Having a vascular fistulogram and or fistuloplasty
What is a fistulogram?
This is a test in which X-ray contrast (dye) is injected into your fistula. The test gives information about the veins and artery of your fistula or graft, a bit like a map. The test helps to show any narrowings, or blockages in the blood vessels of your fistula.
What is a fistuloplasty?
Once a narrowed vein or artery in your fistula has been identified, a wire is inserted and then a balloon is passed over the wire and the balloon is inflated. This balloon stretches the narrowing in your vein or artery.
You will be asked to lie on the X-ray table with your fistula arm out to the side. You may get some discomfort in the area where the vessel is being stretched. This is normal and usually stops when the balloon is let down.
At the end of the procedure the doctor will either stitch the hole closed, or apply firm pressure to the site for about 10 minutes.
Who does the procedure and where is it conducted?
The procedure is conducted in the Angiosuite of the Department of Medical Imaging by a Radiologist or a Vascular Surgeon.
Other important information
You should take all of your usual medications before the operation, including aspirin.
- Discomfort; bruising: Occasionally slight discomfort, pain or a small bruise at the needle site may occur.
- Bleeding: Sometimes the needle puncture site may bleed for a prolonged period of time. If bleeding occurs at home, apply pressure with a clean cloth. This usually settles, but if bleeding is excessive or continues beyond 15 minutes, call an ambulance.
- Sometimes whilst stretching the fistula with the balloon, a small tear on the vessel wall may occur, or even less often, the fistula may rupture. This may require a further procedure or operation.
- Infection: If there are any signs of infection, such as; redness, discharge, pain, swelling or you feel unwell, see a doctor immediately in the hospital emergency department.
- Reaction to X-Ray contrast (dye): Some patients can have a reaction to the X-Ray contrast (dye) used during the procedure. In most cases, this is a very mild reaction such as a skin rash but occasionally it can be life-threatening. It is important that you tell the nursing or medical staff if you feel unwell after the procedure or if you have a rash.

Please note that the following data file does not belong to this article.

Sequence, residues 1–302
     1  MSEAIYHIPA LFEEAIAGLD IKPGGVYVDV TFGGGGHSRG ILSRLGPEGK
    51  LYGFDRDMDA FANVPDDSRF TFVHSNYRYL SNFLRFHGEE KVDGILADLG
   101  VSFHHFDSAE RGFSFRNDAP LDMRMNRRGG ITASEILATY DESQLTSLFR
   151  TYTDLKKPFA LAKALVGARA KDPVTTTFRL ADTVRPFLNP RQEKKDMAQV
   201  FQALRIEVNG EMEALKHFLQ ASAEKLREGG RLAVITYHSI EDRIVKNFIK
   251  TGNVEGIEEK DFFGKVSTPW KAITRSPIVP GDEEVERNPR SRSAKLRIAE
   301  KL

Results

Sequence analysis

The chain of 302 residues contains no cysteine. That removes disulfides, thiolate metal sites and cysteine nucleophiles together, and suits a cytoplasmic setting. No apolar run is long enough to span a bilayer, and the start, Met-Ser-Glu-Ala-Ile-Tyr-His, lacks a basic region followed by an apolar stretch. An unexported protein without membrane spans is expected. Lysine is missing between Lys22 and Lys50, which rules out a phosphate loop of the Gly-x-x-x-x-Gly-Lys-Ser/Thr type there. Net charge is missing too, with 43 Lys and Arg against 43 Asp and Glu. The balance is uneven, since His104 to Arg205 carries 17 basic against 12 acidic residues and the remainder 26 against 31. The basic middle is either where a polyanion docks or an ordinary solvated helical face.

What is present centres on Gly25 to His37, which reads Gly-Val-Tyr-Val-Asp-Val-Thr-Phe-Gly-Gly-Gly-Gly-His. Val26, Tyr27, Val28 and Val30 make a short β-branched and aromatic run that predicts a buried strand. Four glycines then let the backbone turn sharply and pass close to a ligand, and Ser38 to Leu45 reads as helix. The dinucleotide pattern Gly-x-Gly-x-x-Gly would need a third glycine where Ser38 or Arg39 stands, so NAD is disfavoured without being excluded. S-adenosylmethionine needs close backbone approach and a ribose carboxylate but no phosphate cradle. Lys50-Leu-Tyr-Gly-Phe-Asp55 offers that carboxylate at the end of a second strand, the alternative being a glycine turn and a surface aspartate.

- Kidney function and contrast (dye): Occasionally the contrast (dye) may reduce kidney function. Your Nephrologist can explain this further to you if you are concerned.
- The procedure does not work: Occasionally the narrowing in the fistula may persist after the balloon is let down.
- Itching at the needle site: Itching is usually due to healing. It is very important not to scratch or pick off the scab that forms over the needle site, as this may cause serious bleeding.
How long will I be in hospital?
These procedures are usually performed as a day case, meaning you can go home the same day as the procedure. It will not be safe for you to drive, so you will need to have someone to pick you up and take you home after the procedure. You should also have someone stay with you that night in case you become unwell.
Where do I go and do I need to fast?
The Medical Imaging Nurse will call you at home and let you know the time to arrive and where to go. The nurse will also let you know what time to fast. You may continue to drink water up to the procedure, however no food after the fast time.
What do I need to tell the medical imaging nurse when I am called?
Please tell the nurse if:
- You have diabetes or are on a medication called Metformin.
- You are taking blood thinning medications, such as Warfarin, Clopidogrel (Plavix) or Xarelto (Rivaroxaban). These drugs may need to be stopped before the procedure.
- You have had a reaction to contrast (dye) in the past.
After transfer to the ward, you will be required to stay in the hospital for about 2 hours for observation.
After you go home, please keep your dressing dry. Your Radiologist or nurse will let you know when the dressing can be removed and you can then bath or shower as normal. If you have stitches (sutures), your Radiologist or Surgeon will leave instructions about when your sutures can be removed. The staff in the renal unit can remove these sutures.